One of my goals for 2017 is to write more regularly- to map out all the little things that got me through the day and into the weekend. I’ll be sharing an article I couldn’t stop thinking about, a product I love, a song I had on repeat, or a book that really stuck with me: tiny glimpses of what I’ve been up to and things you might enjoy as well!
As I stated last week, I’m tacking on doing more locally. I’ve been researching upcoming shows to sprinkle throughout the year- Cabaret at the Fox, Indiana Jones at Powell Hall, Madame Butterfly at STL Opera Theatre– in addition to my already booked Louis Black show (a Christmas present for my dad) at Peabody Opera House. I was super bummed when I discovered Steve Martin and Martin Short were coming to town because not only is the show almost totally sold out but what’s left is ya know…totally unaffordable. But luckily, St. Louis is home to a handful of universities and libraries that love hosting speakers for free so I’ve got my calendar booked with lecturers all over town.
This week a friend and I met up at Washington University for Chabad’s guest lecturer, Eva Schloss. Eva is the step-sister of Anne Frank and was a Jewish refugee and an Aushwitz-Birkenau concentration camp survivor. She has written several books on her experience and I was so glad to see her come out of Anne’s shadow and have a voice of her own. She spoke of having to leave Austria for Belgium and Holland with her parents and brother, having to learn new languages and having her family split up for hiding. While in hiding, her father gave up his beloved piano playing while her brother struggled to continue painting (she has since located his works and held shows in his honor). Her family was ultimately betrayed by a Dutch double agent and was sent to Aushwitz-Birkenau where she lost touch with her brother and parents. She and her mother survived but her brother and father did not. After the Russians liberated the camp, she stated they remained there for months as it was too cold to leave, they were exhausted, and they feared there was nowhere to go. She spoke of the humiliation and terror of being forced to strip in front of the SS, of the desperation inside and outside of the camps that caused people to act against each other in order to save themselves, and of the importance of clinging to hope. After the war, she moved to London to become a photographer and met a young man who, within months, asked her to marry him (“And I said…’No, thank you.’ *to laughs* “I had my mother to care for, I told him. I thought I was going back to Austria. So he said, ‘Why don’t you call her and ask?’ So I did. And she said, ‘Well, actually, I have some news for you…’ She was marrying Otto Frank- Anne Frank’s father- they had met after the war and had fallen in love. They had so much in common after the war. They were so happy to find each other- someone who knew Vienna, knew what each other had been through. They were a perfect match. So I called up my now husband and said, ‘You still want to marry me?’ “). She didn’t speak of the war or the camp for forty years until she went to a dinner for survivors and was asked to tell her story. “Once I started, I couldn’t stop. I hadn’t told my husband or my children but here I was, telling everyone everything. And after that, I began writing and traveling to share my story.”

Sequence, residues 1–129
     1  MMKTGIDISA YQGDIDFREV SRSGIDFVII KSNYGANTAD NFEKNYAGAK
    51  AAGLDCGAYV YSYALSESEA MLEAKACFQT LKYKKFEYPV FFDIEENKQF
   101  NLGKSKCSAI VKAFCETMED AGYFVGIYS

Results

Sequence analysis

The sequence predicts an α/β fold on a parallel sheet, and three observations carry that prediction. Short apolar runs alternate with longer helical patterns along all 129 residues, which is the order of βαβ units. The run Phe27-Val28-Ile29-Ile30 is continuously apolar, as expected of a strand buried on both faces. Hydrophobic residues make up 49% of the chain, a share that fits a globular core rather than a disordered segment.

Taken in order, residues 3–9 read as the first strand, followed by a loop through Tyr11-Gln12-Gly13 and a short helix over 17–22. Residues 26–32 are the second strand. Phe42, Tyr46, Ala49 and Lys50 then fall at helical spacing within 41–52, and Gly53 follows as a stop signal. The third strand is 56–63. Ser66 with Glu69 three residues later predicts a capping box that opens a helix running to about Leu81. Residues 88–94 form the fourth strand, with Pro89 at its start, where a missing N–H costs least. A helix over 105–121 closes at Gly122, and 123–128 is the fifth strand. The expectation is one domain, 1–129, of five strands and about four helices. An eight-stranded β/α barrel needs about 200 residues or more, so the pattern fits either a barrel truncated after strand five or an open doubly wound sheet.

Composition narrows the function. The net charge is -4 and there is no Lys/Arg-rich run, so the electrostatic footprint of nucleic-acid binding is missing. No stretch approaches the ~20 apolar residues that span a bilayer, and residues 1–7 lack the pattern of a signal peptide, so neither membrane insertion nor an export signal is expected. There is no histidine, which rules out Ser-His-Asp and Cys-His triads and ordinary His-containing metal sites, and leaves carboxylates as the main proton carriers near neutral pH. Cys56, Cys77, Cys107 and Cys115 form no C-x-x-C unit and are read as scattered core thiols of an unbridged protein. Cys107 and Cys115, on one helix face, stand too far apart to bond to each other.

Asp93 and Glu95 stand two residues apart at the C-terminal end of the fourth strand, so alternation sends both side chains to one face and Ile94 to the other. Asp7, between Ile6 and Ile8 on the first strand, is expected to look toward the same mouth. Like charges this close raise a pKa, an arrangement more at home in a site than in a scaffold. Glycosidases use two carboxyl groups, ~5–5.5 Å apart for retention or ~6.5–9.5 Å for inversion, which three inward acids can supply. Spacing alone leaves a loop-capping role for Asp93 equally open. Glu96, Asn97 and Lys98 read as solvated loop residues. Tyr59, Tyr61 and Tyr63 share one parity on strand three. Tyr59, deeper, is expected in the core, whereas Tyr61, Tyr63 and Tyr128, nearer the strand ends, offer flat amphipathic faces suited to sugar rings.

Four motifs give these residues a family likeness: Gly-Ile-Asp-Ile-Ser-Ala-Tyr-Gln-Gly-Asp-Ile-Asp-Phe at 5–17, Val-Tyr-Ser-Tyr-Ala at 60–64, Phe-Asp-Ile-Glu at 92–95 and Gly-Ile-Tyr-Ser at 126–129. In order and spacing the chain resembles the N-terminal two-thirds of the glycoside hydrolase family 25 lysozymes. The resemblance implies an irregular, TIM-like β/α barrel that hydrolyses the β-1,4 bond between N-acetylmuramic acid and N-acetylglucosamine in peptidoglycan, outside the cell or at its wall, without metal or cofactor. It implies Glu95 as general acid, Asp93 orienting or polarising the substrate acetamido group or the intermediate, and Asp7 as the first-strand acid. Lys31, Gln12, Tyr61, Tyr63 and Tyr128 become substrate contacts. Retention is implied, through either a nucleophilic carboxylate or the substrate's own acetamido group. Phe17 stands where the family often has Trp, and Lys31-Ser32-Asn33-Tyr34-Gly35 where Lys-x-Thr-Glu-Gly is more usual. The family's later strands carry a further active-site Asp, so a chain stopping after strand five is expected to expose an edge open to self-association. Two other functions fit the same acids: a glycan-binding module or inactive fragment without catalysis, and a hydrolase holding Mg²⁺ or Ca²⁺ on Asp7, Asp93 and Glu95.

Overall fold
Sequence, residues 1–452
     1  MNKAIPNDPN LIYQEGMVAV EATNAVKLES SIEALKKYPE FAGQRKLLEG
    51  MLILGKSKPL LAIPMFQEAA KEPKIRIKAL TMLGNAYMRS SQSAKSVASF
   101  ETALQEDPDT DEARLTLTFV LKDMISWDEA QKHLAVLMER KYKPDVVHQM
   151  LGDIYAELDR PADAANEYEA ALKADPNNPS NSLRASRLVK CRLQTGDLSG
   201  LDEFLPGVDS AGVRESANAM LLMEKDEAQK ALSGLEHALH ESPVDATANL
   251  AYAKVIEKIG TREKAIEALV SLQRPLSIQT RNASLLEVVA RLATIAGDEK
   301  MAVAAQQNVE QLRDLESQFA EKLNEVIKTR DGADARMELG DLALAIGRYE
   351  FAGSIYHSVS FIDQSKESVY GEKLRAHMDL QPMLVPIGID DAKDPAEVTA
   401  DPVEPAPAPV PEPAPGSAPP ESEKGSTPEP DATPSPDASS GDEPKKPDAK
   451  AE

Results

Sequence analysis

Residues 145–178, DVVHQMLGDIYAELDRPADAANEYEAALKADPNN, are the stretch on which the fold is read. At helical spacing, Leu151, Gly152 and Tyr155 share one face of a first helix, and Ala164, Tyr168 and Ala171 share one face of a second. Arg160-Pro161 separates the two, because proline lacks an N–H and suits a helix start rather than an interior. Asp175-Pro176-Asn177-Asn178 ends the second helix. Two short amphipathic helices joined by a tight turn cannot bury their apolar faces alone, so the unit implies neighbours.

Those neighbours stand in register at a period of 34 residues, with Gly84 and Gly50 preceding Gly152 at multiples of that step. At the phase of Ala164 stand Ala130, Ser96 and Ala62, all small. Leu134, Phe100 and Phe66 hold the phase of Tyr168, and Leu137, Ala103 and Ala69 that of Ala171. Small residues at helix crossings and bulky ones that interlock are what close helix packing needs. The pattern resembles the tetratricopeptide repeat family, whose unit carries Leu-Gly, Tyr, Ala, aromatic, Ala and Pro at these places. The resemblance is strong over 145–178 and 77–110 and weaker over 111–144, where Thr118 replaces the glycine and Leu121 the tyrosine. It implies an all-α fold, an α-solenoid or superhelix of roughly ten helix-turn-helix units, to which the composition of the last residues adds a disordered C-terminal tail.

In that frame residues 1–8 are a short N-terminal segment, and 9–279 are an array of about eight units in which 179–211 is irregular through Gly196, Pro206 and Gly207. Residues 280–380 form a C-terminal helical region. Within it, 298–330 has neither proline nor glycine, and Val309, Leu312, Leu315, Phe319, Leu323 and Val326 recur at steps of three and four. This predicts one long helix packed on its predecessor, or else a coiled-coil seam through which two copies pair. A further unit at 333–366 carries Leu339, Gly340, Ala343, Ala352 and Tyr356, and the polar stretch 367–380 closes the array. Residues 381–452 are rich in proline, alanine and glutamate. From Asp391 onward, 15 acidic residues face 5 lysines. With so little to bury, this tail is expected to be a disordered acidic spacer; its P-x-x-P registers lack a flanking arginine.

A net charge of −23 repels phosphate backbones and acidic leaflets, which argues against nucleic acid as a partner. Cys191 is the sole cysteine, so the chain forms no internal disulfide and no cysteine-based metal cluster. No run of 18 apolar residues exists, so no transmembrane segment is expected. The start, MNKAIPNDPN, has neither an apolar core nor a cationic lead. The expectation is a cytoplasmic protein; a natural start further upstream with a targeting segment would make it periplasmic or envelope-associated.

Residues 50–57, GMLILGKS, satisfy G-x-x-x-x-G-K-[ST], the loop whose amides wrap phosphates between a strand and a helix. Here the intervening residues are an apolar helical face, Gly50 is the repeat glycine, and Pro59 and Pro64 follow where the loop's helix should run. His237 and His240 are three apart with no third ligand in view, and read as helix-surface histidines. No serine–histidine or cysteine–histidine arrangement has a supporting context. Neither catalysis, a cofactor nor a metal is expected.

Her advice: Never stop learning. Never stop being curious and open. Never turn away from those in need. Never stop hoping. “To stop having hope is to give up on life. You must never do this.”
The Missouri Botanical Garden hosts an annual orchid show and I always make a point to go. This year was jam-packed and unusually warm so I also darted outside to see what was coming up and to visit the balmier parts of the park.
Simone Faure’s Patisserie Chouquette is one of those places I kick myself for not visiting more often. The neighborhood is really picking up with some modern townhouses replacing some of the older brick homes (mixed feelings about this) and nice restaurants and cafes are starting to dot the street. Based on Simone’s suggestions, I picked up a mousse, coconut, and calamansi concoction, a cookie dough cake, and a Bostock (house-made brioche, almond syrup, frangipane, and toasted almond slices). Bostock+tea made a pretty solid breakfast.